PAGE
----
Preferring his tennis games to be of the table-top variety, Dimitri didn't like to repeatedly bend down and pick up balls. It slowed down his play and created wear-and-tear on his back. So he built a microcontroller-based, automatic ball dispenser. A player simply pushes a switch on the four-ball device, releasing one ball at a time. Using an infrared optical detector, the system automatically counts down the ball inventory, updating and displaying the number remaining. When the last ball is released, a buzzer sounds, notifying players to replenish.
For Dimitri Merrill's complete instructions on how to build your own automatic ping pong ball dispenser, click here.
Automatic Ping Pong Ball Dispenser Parts List
Allied Part #
H-bridge, 3A, 55V
12V, .42A dc power supply
10 nF capacitor
330 Ù resistor
Normally open button
1,000 microF capacitor
Additional parts required: 1 Xilinx Spartan-3 Starter Kit (Xilinx part number DO-SPAR3-DK)
Truchard will be presented the award at the 2014 Golden Mousetrap Awards ceremony during the co-located events Pacific Design & Manufacturing, MD&M West, WestPack, PLASTEC West, Electronics West, ATX West, and AeroCon.
Robots that walk have come a long way from simple barebones walking machines or pairs of legs without an upper body and head. Much of the research these days focuses on making more humanoid robots. But they are not all created equal.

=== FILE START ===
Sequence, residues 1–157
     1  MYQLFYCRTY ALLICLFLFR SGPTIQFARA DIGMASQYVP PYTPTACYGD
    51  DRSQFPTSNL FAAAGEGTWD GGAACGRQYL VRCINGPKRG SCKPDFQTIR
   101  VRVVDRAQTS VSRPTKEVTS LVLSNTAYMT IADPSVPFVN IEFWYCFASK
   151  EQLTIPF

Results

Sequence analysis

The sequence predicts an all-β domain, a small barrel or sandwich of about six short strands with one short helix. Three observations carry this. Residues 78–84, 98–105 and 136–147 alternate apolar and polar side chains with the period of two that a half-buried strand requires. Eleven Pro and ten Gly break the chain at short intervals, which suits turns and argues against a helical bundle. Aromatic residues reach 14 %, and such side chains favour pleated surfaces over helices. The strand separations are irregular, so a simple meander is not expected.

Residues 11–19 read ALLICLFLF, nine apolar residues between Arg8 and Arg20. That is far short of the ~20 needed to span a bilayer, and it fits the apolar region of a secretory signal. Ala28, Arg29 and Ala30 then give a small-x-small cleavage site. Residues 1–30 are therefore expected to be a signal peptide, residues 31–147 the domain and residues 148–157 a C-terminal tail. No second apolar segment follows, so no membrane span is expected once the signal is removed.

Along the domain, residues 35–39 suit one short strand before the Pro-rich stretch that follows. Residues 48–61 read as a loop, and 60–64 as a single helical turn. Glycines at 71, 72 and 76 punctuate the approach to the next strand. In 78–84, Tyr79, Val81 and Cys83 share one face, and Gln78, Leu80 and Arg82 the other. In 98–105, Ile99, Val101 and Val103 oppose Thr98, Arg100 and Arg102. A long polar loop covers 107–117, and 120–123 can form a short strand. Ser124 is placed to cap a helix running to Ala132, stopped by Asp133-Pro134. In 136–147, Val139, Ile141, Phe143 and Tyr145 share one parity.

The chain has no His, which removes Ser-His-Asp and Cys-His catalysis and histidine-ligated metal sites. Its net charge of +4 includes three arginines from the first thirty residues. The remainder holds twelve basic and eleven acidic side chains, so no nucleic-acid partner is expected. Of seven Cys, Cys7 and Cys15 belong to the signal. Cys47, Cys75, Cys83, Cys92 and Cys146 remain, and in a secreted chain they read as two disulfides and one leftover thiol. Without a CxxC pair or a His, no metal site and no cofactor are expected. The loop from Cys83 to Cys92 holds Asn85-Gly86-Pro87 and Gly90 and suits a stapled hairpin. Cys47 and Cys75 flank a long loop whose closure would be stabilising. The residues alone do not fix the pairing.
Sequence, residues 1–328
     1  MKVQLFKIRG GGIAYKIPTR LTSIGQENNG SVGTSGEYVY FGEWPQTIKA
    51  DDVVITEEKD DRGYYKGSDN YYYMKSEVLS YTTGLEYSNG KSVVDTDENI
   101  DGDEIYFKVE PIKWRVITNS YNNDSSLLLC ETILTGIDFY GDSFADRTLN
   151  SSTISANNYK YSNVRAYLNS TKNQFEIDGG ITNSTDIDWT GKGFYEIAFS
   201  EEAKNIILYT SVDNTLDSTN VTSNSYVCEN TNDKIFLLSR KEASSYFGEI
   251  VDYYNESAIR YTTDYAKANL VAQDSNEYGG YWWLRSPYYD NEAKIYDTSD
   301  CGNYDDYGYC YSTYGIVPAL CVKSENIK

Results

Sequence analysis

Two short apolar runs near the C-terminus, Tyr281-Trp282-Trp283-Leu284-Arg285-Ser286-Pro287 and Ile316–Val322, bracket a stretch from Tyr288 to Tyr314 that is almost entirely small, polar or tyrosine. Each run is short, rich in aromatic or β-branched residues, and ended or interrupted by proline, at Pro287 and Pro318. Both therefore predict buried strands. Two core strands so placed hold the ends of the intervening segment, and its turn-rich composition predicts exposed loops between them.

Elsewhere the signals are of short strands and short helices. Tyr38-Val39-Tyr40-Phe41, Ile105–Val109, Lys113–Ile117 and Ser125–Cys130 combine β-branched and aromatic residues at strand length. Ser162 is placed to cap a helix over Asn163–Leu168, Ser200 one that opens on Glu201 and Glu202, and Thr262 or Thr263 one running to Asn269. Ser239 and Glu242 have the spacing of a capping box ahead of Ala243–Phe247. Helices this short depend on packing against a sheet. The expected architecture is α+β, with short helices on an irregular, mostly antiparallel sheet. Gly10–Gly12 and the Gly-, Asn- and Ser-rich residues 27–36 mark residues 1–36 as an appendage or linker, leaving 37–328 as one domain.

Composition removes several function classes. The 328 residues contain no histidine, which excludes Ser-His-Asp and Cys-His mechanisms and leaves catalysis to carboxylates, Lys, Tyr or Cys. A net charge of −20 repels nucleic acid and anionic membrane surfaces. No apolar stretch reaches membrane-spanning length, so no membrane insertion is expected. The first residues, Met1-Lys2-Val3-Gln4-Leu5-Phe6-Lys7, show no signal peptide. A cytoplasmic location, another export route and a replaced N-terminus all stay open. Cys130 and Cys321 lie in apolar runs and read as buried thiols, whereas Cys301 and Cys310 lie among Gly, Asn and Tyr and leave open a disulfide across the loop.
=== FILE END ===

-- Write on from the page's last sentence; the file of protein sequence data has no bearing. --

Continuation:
The IEEE Computer Society has named the top 10 trends for 2014. You can expect the convergence of cloud computing and mobile devices, advances in health care data and devices, as well as privacy issues in social media to make the headlines. And 3D printing came out of nowhere to make a big splash.
For industrial control applications, or even a simple assembly line, that machine can go almost 24/7 without a break. But what happens when the task is a little more complex? That’s where the “smart” machine would come in. The smart machine is one that has some simple (or complex in some cases) processing capability to be able to adapt to changing conditions. Such machines are suited for a host of applications, including automotive, aerospace, defense, medical, computers and electronics, telecommunications, consumer goods, and so on. This discussion will examine what’s possible with smart machines, and what tradeoffs need to be made to implement such a solution.